At four o’clock Charlie went back to the bathroom to check himself in the mirror and comb his hair, an awkward exercise since he held the cell phone to his ear with his shoulder, checking messages. Lena heard him from the living room as he cursed into the air over what one message said. Checking her own calls, she was relieved that her absence seemed to have entirely escaped the notice of her office mates. She arrived at the bathroom mirror as Charlie dialed his phone and began an obsequious apology, apparently to his boss for being out of pocket at some artificially crucial moment.
    “I’ll be right there,” he said. “I had to run home and check on the cat. I’m sorry.”
    “You sound so pitiful when you do that,” Lena said when he hung up, not looking at him. “You don’t have a cat––or is that me? Meow. Are those guys really that scary?”
    “It’s a job. I need it, that’s all. Besides, I don’t have the luxury of a boss wrapped around my finger because I’ve seen him naked. I’m not as lucky as you.”
    “I can’t believe you today,” said Lena. “As soon as I said the thing about how nothing hurts, you began looking for ways to get me.” She put her arms around him and looked at his face and his eyes that wouldn’t look back. “Listen,” she said in her mistress voice. “Easy times, right?” she said, quoting their lovers’ mantra, the short phrase that encompassed their promises to each other, such as they were.
    “But it’s true,” Charlie persisted. “You slept with your boss after you were married to David. Now me. Why am I here with you? Why did you pick me?”
    “Be careful, buddy,” she answered, still in the flirting voice, still seeking his eyes. “Don’t make me have to smack your ass.”
    Charlie made eye contact now and forced a gentle laugh, but the pain in his face had hardened since the second lovemaking, since they washed up, since the call to his office. Lena’s mind now flashed on every transgression of her own, many of which she had spilled to Charlie since she’d known him, since they’d been coming to his place for playing at sex and hiding. In this quick inventory, she was unsure about a couple of things she had or had not revealed to this lover. She knew she had told about her twenty year-old cousin, the one who got sex from her the first time when she was fourteen; there had been no reason to hide the story about her history professor, because that had been a campus joke for maybe five of her girlfriends he’d also nailed. That was just a funny story. But had she told Charlie about why she was fired at the last job, by her old lady boss who accused her of screwing the intern, even though she hadn’t? Ironic. Or about the fire chief in Boston who picked her up at a hotel bar in Natick, Mass.? Well, maybe she picked him up, but she didn’t make him fall in love with her or show up at her house back in Minneapolis promising to leave his wife. Thank God David had been out of town that night. Would it work to tell Charlie every single thing so maybe he would grow up and relax? Or maybe he would run away. Or make anonymous phone calls to David. All this thought reminded her how little she really knew Charlie, how spare the real revelation between them had been. But, she had long since decided, there’s a lot to like about a man you hardly know.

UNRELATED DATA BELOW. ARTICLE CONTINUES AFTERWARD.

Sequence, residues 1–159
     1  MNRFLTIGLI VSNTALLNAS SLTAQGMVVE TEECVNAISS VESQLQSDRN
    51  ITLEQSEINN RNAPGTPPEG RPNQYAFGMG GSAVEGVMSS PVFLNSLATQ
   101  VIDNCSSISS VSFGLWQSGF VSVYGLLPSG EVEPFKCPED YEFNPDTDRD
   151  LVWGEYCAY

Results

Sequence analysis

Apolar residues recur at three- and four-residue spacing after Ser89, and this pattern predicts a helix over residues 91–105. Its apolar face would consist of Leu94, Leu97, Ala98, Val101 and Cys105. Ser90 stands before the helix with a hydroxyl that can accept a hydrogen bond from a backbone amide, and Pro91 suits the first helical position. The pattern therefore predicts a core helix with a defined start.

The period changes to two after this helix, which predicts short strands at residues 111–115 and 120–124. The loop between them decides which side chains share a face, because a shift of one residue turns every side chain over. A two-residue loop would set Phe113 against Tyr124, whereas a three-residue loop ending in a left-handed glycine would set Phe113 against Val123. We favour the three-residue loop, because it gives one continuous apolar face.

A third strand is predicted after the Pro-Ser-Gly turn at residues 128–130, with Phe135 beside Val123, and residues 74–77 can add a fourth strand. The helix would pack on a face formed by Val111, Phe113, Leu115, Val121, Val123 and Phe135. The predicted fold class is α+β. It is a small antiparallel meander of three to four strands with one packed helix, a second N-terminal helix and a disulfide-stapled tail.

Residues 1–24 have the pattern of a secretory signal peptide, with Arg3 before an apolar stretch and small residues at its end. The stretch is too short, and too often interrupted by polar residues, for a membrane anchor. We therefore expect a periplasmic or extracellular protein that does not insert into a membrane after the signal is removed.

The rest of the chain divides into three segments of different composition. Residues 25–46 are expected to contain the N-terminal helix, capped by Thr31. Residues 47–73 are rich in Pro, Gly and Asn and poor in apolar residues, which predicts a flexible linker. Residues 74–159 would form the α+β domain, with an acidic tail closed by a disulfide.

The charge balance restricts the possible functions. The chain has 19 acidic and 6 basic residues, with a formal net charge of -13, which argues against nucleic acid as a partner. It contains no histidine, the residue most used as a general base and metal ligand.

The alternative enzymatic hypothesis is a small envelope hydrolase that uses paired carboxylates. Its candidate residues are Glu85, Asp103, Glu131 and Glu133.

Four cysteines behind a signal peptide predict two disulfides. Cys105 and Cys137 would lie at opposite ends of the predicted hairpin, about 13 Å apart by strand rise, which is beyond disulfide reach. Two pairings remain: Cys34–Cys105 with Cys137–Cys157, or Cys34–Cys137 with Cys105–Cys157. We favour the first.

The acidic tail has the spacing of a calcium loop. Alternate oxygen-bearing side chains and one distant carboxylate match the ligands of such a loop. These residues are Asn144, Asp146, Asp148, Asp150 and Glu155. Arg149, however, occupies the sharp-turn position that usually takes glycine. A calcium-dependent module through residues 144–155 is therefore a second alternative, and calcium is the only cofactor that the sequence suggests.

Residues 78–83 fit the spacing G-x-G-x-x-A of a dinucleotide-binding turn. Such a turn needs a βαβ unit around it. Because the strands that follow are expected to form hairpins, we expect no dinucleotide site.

She placed her palm on the side of his face and held his gaze. “I need you now. Don’t let me go,” she said.
    Charlie’s brow furrowed, and his shoulders heaved slightly as tears formed in his eyes.
    She had done it again, made a man think he was in love with her, even with all the disclaimers they both had made, even with some freely-revealed bad manners of her past, even though there was no chance she would break David––her husband, after all––from her life. Boys just don’t get it sometimes.
    “Easy times, baby,” Lena repeated, and Charlie collected himself, put his arms around her and squeezed her to him. He kissed her neck, that gesture of passion that doesn’t imply a single thing about trust––not the way a kiss on the cheek or a peck on the mouth does between confident lovers. Charlie’s gentle, wet touch of lips to her ear made Lena smile to herself.
    “Easy times,” he whispered.


    Now standing in front of the mirror at home and acknowledging her glow, Lena had completed her second bath within one hour. She heard the rumble of stereo bass pounding through the doors of David’s BMW as the garage door made its rattling sound and closed. She wrapped her hair in a towel and slipped into her bright, turquoise silk robe, the one that David had shipped to her from a business trip to Hong Kong.
    “Hi, hon, I’m home!” David called up the stairs, imitating Wally and Beaver Cleaver’s dad in the way he thought was funny. It amused Lena only in that David thought he was funny, even though he simply could not pull it off. She walked to the bedroom door and smiled at him as he ascended the stairs to greet her.
    “Look how you shine,” said the smiling David, then kissing her cheek and brushing past her as he yanked at his necktie. “I’ve got to go in here and wash this day off me,” he said, disappearing into the bathroom as his wife sighed with satisfaction, removed her robe and lay naked on their bed, anticipating the sound of splashing water.